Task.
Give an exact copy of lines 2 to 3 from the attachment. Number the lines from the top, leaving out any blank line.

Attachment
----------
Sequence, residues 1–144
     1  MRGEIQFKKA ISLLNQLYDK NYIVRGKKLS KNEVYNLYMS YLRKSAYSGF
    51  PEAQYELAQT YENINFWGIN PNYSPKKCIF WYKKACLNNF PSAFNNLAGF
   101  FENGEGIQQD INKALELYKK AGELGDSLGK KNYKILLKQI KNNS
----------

     1  MRGEIQFKKA ISLLNQLYDK NYIVRGKKLS KNEVYNLYMS YLRKSAYSGF
    51  PEAQYELAQT YENINFWGIN PNYSPKKCIF WYKKACLNNF PSAFNNLAGF